Portrait of PharmSci Graduate Student and Pardee lab member Evan Amalfatino

What is your academic background and why is your current area of research important?

I work in synthetic biology, which is essentially repurposing natural biological molecules to solve problems. My research focuses on diagnostics and other sensing technologies, using the amazing sensitivity and versatility of biological systems to create new assays.

What led you to your current supervisor’s research group?

I was drawn to my supervisor Dr. Keith Pardee’s focus on synthetic biology, specifically his work on developing toehold switch diagnostics to make a low-cost test for Zika virus. I think there is a huge amount of unrealized potential for biological systems to meet these kinds of needs. My PhD work focused on continuing this line of research using a novel output to further reduce assay costs: glucose, measurable with a standard, $10 glucose meter. In my postdoctoral work, I am furthering this work by developing an automated diagnostic platform, in addition to other projects aimed at reducing the cost and increasing the availability of biological assays.

What are some of the challenges you had to overcome while pursuing your research?

Performing independent research is quite a difficult task, which cannot really be learned in advance. When I first started in the lab as a summer research student, while I understood the principles of techniques like PCR, cloning, or gel electrophoresis, it was challenging to begin planning, performing, and troubleshooting these experiments independently. It’s the kind of thing that you really need to learn by doing, ideally with someone more experienced helping you along. Over time, I developed my skills and became comfortable enough to begin guiding new students through the same process I had gone through, which was its own new skillset I had to learn, but was certainly rewarding. And of course, when I was finishing my PhD I had to write my thesis, the longest writing project I’ve ever done by far.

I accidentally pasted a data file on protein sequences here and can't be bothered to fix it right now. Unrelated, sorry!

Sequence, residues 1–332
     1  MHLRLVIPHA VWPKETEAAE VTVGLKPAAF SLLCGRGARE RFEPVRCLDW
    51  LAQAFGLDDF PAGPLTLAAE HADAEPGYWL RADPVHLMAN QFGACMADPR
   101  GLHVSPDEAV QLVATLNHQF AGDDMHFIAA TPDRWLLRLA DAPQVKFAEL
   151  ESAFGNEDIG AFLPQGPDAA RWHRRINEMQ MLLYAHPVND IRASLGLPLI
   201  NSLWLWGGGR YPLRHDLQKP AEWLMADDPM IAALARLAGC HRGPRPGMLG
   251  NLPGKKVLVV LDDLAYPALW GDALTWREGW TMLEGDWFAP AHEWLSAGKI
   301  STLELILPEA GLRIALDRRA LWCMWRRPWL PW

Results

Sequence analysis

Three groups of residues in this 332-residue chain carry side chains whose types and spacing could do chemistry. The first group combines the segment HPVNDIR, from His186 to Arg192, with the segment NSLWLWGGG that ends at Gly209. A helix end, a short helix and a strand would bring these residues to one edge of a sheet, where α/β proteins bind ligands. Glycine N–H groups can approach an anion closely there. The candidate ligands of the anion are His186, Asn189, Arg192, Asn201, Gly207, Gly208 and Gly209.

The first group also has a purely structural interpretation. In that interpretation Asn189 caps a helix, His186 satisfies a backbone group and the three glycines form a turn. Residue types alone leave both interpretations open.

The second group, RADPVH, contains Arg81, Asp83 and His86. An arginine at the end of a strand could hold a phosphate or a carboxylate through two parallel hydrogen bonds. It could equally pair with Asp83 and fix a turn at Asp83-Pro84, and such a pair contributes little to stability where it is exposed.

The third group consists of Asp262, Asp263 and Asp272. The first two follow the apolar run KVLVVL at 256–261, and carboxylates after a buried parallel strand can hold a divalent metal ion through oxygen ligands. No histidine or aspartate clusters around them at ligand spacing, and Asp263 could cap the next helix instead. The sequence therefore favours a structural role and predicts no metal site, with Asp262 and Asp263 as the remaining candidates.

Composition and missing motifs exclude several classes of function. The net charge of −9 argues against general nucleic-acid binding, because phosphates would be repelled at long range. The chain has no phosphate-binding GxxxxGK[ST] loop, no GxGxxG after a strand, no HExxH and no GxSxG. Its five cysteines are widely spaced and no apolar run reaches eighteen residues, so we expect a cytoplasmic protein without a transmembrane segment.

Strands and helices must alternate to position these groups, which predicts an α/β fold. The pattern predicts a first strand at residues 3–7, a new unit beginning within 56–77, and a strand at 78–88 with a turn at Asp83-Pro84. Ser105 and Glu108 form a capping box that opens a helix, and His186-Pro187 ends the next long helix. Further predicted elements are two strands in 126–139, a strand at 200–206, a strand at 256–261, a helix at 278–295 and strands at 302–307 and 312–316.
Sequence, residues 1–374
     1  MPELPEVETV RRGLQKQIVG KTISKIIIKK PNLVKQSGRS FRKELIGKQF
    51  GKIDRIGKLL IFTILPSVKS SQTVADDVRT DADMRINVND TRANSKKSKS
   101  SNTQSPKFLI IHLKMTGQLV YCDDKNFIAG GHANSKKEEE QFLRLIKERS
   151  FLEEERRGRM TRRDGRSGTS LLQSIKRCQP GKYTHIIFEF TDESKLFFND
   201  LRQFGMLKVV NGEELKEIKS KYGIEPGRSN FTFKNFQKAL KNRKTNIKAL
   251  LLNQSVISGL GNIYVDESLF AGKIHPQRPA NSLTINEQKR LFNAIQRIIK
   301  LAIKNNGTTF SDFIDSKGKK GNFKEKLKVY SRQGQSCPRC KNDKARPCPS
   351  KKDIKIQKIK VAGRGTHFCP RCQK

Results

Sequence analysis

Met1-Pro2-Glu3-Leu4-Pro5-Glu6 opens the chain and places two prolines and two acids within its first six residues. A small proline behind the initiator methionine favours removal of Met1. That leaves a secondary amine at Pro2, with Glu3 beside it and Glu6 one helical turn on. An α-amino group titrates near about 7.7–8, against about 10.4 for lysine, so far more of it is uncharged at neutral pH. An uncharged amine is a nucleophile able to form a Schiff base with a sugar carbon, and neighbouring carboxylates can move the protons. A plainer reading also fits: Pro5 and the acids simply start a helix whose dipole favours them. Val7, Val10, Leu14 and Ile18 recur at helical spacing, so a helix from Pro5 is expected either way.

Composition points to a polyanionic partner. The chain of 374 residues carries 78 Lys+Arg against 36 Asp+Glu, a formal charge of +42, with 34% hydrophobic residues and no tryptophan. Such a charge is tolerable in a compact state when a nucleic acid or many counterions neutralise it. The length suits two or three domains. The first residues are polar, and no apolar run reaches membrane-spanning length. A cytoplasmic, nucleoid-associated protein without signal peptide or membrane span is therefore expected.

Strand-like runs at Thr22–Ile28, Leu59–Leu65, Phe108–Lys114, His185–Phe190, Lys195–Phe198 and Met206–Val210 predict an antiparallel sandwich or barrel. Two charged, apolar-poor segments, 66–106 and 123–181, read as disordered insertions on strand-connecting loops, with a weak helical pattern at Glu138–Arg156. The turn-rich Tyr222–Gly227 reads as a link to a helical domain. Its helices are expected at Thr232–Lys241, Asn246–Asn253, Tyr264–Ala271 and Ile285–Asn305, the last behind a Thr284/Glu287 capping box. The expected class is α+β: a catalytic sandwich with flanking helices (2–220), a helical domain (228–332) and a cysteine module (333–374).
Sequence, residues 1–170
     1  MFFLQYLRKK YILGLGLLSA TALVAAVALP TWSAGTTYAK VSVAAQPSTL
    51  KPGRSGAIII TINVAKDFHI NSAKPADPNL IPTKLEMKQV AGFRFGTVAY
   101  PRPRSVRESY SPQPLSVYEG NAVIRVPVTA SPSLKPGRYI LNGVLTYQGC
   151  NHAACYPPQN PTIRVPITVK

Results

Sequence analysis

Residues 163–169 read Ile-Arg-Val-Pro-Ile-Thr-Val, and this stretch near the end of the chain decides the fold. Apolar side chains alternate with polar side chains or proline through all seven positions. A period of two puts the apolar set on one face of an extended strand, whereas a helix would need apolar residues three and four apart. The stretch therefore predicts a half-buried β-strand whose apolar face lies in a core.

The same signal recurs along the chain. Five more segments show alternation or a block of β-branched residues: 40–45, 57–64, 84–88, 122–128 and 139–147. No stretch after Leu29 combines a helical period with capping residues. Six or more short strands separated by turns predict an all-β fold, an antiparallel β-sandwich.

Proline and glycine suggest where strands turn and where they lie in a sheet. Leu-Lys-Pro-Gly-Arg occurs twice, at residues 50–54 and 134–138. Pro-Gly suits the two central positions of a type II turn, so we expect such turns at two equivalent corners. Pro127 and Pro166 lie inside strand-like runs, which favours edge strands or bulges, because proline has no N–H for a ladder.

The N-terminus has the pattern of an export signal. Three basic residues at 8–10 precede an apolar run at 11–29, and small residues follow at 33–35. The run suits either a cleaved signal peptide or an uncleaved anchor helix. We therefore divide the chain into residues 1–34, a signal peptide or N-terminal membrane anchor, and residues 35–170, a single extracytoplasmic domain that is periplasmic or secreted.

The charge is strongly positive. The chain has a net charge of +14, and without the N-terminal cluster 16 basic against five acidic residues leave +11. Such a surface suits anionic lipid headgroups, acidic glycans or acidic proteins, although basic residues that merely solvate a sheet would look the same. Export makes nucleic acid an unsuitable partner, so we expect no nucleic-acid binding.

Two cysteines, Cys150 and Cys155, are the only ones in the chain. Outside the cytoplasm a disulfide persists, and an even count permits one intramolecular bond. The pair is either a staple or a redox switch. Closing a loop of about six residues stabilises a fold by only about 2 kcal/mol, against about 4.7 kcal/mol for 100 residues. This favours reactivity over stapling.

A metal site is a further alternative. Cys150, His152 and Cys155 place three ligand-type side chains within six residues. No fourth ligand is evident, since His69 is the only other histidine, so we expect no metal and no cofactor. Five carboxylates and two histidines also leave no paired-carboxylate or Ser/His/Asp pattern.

How do you see your current research playing a role in your career?

I will certainly make good use of the skills I’ve learned here in my future career. I plan to continue doing research in biological assay development, so this is valuable experience. I believe my next steps will build off my current research projects, as I think there is significant potential for my research to play a role not just in human health, but also agriculture and environmental monitoring as well.

What do you like to do when you are not working on research?

I like to play board games; I’ve built up an extensive collection over the years since I first bought Settlers of Catan to play with my friends in high school. We still try to meet up a few times a year to play something and catch up.

I also enjoy the outdoors, I like going for hikes and especially exploring new places. I visited San Francisco for the first time this summer, and really loved visiting the Muir Woods and Angel Island.

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